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Blues superfan Laila Anderson has been officially enshrined in the Hockey Hall of Fame

A family friend made 'Laila Strong' bracelets. Now, there are two of the bracelets in the Hall of Fame.

ST. LOUIS — At this point, she might be more recognizable than the players themselves.

Ask any Blues player, and they will tell you, Lalia Anderson is one of the main reasons why they are Stanley Cup Champions.

Long before she kissed Lord Stanley's Cup, the Blues knew Laila by a different name.

"I was wearing a taco costume and everyone called me taco girl," Laila said.

Stuffed with personality, even then, Laila was at a St. Louis Children's Hospital Trick or Treat party, when she met the Blues and they've been joined at the hip ever since.

"Just to know that all these boys support me is just unreal," she said.

That Halloween wasn't long after Laila was diagnosed with HLH, an extremely rare auto-immune disease that nearly took her life.

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"When I was back in isolation in January and I didn’t know what was going to happen, to have all the love and support from St. Louis and have everyone love me is absolutely unreal. I can’t put it into words," says the 11-year-old.

As Laila battled back, a family friend made Laila Strong Bracelets. They remind everyone to "Swab for Laila" to see if you might be a match for a bone marrow transplant.

The bracelets started as a friends-and-family thing, until...

"I gave one to Colton [Parayko] and he wore it and then never took it off," she said.

Along the way, she met a new friend that shared her love for the Blue Note.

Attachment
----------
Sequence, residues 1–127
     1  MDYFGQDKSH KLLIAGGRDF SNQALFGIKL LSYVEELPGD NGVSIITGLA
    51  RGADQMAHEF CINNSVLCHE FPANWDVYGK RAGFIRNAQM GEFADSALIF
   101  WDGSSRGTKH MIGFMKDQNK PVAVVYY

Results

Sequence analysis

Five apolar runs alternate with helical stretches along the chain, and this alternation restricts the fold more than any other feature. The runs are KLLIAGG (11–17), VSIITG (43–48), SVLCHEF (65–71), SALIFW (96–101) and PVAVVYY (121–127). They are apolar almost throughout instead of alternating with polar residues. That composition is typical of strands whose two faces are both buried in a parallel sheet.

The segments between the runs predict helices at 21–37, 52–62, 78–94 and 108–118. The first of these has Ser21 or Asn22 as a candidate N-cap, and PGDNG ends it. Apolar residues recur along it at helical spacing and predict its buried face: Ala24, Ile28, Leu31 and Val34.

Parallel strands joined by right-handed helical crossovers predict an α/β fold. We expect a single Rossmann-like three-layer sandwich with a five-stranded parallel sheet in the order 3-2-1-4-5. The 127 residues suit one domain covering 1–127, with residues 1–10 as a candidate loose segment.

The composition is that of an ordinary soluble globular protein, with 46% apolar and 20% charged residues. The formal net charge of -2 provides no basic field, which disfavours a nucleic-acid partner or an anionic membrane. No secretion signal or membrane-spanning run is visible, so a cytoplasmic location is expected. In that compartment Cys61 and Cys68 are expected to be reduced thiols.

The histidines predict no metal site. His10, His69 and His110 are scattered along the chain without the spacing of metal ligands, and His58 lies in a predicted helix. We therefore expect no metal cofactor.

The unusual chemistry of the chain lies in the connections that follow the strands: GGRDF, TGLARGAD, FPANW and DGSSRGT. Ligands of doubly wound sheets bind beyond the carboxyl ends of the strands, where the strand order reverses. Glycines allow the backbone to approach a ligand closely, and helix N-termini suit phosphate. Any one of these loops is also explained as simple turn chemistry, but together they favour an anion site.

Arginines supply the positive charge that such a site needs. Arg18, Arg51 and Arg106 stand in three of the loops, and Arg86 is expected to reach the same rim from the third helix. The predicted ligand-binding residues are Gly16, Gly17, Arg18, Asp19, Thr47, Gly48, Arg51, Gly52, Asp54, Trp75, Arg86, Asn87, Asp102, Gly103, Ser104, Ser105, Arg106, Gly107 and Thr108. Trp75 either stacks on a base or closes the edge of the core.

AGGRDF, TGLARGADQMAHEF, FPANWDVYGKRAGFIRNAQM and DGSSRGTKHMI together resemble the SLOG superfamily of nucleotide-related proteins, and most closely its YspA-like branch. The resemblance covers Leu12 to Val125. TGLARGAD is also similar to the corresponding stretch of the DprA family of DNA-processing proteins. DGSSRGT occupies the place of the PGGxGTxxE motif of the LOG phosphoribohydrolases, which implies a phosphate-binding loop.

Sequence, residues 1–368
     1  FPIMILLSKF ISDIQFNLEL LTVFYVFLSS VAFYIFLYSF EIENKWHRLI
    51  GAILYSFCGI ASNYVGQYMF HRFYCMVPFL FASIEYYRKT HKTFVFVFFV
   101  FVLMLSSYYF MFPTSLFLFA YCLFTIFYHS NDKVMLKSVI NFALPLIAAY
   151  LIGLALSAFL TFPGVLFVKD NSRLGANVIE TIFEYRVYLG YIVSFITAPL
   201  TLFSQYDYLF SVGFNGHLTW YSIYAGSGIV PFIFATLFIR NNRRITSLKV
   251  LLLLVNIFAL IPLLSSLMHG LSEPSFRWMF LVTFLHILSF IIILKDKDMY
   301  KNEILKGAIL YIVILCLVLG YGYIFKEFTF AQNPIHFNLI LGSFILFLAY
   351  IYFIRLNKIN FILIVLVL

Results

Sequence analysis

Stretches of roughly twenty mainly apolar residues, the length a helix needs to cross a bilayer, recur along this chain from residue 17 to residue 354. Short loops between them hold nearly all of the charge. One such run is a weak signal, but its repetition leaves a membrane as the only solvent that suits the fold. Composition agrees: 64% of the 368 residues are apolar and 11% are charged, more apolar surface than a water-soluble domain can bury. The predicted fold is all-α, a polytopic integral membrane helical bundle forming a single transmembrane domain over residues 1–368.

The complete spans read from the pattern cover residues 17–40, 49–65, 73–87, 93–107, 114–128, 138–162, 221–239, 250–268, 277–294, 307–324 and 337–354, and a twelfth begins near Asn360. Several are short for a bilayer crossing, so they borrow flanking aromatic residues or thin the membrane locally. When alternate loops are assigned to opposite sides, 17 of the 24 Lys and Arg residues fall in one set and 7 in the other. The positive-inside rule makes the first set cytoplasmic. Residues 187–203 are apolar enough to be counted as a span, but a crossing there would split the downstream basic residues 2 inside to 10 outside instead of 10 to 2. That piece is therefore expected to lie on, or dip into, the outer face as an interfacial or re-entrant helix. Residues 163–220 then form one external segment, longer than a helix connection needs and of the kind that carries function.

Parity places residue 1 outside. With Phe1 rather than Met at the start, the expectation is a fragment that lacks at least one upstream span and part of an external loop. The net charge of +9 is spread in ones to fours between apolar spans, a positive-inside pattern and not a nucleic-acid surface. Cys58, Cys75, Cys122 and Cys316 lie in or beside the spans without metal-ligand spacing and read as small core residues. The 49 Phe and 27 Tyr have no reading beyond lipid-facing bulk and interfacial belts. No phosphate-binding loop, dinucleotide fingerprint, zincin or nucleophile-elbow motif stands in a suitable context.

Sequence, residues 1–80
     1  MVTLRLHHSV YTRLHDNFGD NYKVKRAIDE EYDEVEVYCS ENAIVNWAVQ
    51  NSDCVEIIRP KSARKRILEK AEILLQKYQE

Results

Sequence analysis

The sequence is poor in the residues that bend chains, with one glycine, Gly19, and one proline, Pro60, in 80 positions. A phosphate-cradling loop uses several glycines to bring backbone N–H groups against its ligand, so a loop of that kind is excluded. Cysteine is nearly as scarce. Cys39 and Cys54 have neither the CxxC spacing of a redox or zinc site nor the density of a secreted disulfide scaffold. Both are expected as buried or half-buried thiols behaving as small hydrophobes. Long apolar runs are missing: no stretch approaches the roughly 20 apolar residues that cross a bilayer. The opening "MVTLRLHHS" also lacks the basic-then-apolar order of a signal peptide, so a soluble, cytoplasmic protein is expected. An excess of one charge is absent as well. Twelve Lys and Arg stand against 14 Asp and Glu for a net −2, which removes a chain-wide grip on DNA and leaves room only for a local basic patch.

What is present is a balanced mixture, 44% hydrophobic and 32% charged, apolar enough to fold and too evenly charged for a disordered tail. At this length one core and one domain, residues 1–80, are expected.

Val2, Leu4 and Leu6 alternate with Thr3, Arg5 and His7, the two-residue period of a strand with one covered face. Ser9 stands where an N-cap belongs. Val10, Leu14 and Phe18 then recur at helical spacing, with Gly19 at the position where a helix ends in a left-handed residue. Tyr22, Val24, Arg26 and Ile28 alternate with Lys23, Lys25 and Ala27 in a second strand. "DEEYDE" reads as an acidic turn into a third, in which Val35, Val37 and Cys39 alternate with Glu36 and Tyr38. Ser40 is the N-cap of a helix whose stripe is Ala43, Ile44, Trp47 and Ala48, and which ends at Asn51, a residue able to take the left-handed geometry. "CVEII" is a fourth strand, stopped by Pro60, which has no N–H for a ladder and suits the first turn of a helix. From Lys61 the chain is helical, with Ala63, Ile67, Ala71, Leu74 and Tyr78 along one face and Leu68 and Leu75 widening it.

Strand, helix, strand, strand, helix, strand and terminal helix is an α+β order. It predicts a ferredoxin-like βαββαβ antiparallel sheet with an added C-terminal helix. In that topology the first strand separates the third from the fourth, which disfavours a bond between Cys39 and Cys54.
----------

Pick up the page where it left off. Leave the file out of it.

"When you guys hang out, do you talk about Blues?" asks reporter Chris Davis.

"If it’s at a Blues game and the puck is in play, no. That’s Laila rule," jokes Lucas White, Laila's friend.

Two months after the Blues etched their names into the history books, Lucas and his family found themselves inside the Hockey Hall of Fame in Toronto.

Already, the St. Louis Blues had their own exhibit.

"Gloves, helmets, maybe a skate or two," Lucas remembered.

However, Lucas noticed something was glaringly missing.

"It was missing something about Laila, and she was a key part in it," he said.

So he went up to the museum curator and took his best shot.

"I told him it’s Laila Anderson, THE Laila Anderson, the girl who inspired a city," Lucas said.

The girl who inspired a city, and a wristband, is now officially enshrined in the Blues exhibit.

"For them to try so hard to get them in and it actually worked meant so much to me," said Laila.

In a few years, Laila hopes to inspire a generation.

"I will make my life the best it can be and the dream is to be a pediatric brain surgeon," she said.

Medically, Laila is better than ever. Doctors tell her she no longer has HLH, and minus a few blood tests each year, she's put her long stints in the hospital behind her.

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